Oregon Star Party 2010 Telescope Walkabout

This year's walkabout was one of the best in recent memory.  Let's get right to the telescopes and their builders.

Leif Edmondson's 16 inch f/5.5 features nice woodwork.  It can be setup in 10 minutes.  Leif rebuilt the secondary cage to improve interaction with the trusses.  Leif had fun building the scope; it has good optics.  He hopes to build a lighter scope the second time around.

Arthur Guilfoil
's 4 inch f/15 brass refractor features a brass mounting with titanium shaft in ball bearings and a fully baffled aluminum tube. He did all the machining including the focuser drawtube and remounting the eyepiece lenses.  If that wasn't enough to impress, Arthur also machined all the gears and built the gravity drive from scratch.  The telescope took 13 years to complete.

Tom Clarke showed how he stows his telescopes in his RV as he travels from star party to star party, doing 'RV Astronomy'.

Mel Bartels
showed his 13 inch f/3.0 in a new folding mounting.  The mirror is a meniscus shaped, constant thickness, plate glass mirror, using a fan for rapid cooling and steady images. Because of the meniscus' strength, only a simple 3 point back support and 2 point edge support are needed.  The mount's center of gravity is located at the mount's mid-point, minimizing eyepiece travel, balance issues with heavy eyepieces and the mount's overall footprint.  The observer sits in a low chair for observing from horizon to zenith.  The altitude bearings also function as truss tubes, replacing all but two.  The telescope folds to a foot and a half cubic box in about a minute and weighs 25 pounds.  Finally, the upper ring uses a new reduced diameter design, based on the reduced diagonal size possible at f/3.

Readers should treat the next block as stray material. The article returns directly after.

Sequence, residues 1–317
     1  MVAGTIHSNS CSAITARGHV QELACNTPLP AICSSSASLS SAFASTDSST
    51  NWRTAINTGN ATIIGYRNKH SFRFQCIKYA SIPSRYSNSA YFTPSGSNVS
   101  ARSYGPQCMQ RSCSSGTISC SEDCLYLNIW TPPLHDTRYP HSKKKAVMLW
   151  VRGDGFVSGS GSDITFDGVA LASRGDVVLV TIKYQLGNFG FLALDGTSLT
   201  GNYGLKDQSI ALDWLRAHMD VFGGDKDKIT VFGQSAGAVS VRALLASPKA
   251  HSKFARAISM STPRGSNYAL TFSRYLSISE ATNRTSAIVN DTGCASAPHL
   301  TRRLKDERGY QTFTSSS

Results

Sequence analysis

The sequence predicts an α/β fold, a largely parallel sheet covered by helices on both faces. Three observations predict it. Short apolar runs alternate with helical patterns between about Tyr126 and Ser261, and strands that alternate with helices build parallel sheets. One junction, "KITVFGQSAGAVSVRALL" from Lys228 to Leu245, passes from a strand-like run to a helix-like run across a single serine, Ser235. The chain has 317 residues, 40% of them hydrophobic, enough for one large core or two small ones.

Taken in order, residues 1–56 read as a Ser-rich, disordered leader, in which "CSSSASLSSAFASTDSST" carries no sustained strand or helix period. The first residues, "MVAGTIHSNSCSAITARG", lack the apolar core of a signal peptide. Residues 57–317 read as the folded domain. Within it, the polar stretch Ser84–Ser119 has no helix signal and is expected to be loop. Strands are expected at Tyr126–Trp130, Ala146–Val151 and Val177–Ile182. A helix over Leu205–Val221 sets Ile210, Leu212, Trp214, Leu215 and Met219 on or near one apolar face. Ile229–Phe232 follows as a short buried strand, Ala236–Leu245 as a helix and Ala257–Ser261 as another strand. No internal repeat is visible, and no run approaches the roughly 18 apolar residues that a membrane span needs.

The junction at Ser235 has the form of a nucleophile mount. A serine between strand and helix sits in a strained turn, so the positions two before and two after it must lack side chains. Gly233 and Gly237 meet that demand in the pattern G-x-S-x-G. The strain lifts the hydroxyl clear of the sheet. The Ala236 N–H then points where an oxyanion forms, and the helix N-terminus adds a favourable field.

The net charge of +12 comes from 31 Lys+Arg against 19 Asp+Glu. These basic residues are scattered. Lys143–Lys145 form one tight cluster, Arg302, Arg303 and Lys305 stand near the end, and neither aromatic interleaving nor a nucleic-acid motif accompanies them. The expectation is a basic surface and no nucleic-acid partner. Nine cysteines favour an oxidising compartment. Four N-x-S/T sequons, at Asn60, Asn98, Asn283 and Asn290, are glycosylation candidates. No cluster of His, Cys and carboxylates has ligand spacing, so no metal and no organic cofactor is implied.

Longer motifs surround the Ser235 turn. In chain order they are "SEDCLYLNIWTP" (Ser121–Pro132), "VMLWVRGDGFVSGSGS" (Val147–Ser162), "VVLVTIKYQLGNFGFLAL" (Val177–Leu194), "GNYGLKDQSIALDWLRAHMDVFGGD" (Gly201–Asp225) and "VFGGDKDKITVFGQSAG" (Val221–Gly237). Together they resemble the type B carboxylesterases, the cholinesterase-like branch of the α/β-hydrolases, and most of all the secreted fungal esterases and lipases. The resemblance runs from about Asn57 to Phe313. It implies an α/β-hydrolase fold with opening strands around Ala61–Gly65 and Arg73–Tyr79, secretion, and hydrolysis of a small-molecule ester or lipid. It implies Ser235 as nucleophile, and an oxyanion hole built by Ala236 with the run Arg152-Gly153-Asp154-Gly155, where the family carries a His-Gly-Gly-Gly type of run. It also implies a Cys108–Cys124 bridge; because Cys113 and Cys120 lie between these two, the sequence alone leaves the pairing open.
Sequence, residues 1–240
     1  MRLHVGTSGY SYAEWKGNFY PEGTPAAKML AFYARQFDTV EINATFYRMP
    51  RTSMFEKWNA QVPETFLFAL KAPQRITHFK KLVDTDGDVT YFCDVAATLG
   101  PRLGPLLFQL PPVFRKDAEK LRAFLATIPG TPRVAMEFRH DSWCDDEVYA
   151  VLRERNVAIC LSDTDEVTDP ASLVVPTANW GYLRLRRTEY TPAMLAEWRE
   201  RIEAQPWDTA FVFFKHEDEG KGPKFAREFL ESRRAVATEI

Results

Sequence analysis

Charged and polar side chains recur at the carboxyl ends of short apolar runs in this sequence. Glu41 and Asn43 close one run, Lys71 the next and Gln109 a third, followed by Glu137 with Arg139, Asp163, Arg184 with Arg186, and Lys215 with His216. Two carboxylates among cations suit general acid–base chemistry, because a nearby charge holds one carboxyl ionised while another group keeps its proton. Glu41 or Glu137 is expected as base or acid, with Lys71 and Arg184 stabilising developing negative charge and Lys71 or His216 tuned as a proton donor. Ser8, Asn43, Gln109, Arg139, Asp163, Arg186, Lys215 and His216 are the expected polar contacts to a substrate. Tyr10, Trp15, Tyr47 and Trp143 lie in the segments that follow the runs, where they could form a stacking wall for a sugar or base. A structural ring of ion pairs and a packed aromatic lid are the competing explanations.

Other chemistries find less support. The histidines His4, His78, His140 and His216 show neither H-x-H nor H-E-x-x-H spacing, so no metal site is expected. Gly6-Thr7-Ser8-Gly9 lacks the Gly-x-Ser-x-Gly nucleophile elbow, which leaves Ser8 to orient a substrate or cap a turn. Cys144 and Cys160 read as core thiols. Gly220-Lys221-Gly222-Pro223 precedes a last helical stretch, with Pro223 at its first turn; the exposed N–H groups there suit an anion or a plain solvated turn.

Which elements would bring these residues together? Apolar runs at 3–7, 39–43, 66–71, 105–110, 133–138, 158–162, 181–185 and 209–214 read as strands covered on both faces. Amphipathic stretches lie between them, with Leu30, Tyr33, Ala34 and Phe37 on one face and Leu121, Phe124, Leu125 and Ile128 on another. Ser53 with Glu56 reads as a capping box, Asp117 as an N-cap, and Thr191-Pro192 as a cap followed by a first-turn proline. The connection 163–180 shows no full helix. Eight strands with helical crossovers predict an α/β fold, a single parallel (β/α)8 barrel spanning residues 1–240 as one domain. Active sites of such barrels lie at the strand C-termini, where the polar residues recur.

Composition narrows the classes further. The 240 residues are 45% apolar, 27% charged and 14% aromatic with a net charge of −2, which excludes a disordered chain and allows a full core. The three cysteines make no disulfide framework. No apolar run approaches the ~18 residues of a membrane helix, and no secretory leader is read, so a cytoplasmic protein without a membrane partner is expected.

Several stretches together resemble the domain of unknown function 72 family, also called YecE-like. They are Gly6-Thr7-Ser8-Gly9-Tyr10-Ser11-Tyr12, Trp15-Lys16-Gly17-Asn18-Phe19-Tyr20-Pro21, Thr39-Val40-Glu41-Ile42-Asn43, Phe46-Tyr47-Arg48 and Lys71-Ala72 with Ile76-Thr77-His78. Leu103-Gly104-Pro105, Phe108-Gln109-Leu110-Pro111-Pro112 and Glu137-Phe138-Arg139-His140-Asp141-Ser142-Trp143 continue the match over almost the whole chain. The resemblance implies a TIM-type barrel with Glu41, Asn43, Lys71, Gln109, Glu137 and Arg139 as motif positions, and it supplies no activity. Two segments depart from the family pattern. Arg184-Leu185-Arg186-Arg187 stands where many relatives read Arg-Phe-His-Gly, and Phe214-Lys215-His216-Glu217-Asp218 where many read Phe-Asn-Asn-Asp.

Nate Gilman's 8 inch string Dob was built for school credits.  He finished the spider the morning of the star party, christening the scope 'Wendy'.  He used simple inexpensive material such as copper tubing for the trusses and a pot lid for the mirror box cover.

David Birch
's built a custom horseshoe mount for his 16 inch Meade Lightbridge.  He uses an offset yoke design.  David built the mount so that he can take long exposure digital images.  The mount is all built from scrap recycled material.  A table top comprises the mount while JMI motors provide the motorized movement.

Don Peckham's 8 inch double stacked string scope takes string technology to a new level.  Don has arranged the strings, tension tubes and flex rings such that there is no bending.  The strings form large angles.  There are no turn-buckles.

Ken Lulay's folding 8 inch f/3.8 caught all by surprise when he showed it collapsing into a small box in a matter of seconds.  The telescope in it's entirely weighs 10 pounds.  Note the ring secondary.  The scope is a father and son effort, finished just in time for OSP.  

Roger Garcia and Lynelle Wilcox's 10 inch f/5 Dob is based on the San Francisco Sidewalk Astronomers Design.  He says that the design is easy to build.  It includes a tailgate mirror cell.  Cost to build the scope was $80.  Of particular note are his folding adjustable height chairs.

Skip Laub's 12 inch f/ 6cedar wood tube is a 40 year project.  The tube is built from cedar strips coated with fiberglass.  He also built the mounting.  Skip also showed a companion 8 inch scope.